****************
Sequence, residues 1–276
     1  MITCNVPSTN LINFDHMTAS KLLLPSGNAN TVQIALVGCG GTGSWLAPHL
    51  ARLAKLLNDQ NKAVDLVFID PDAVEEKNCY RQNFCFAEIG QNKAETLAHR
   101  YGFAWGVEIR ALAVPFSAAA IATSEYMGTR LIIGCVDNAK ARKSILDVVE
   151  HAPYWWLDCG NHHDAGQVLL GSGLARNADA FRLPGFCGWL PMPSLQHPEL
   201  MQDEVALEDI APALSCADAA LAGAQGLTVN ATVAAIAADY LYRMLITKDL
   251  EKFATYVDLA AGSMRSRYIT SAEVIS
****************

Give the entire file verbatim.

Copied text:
Sequence, residues 1–276
     1  MITCNVPSTN LINFDHMTAS KLLLPSGNAN TVQIALVGCG GTGSWLAPHL
    51  ARLAKLLNDQ NKAVDLVFID PDAVEEKNCY RQNFCFAEIG QNKAETLAHR
   101  YGFAWGVEIR ALAVPFSAAA IATSEYMGTR LIIGCVDNAK ARKSILDVVE
   151  HAPYWWLDCG NHHDAGQVLL GSGLARNADA FRLPGFCGWL PMPSLQHPEL
   201  MQDEVALEDI APALSCADAA LAGAQGLTVN ATVAAIAADY LYRMLITKDL
   251  EKFATYVDLA AGSMRSRYIT SAEVIS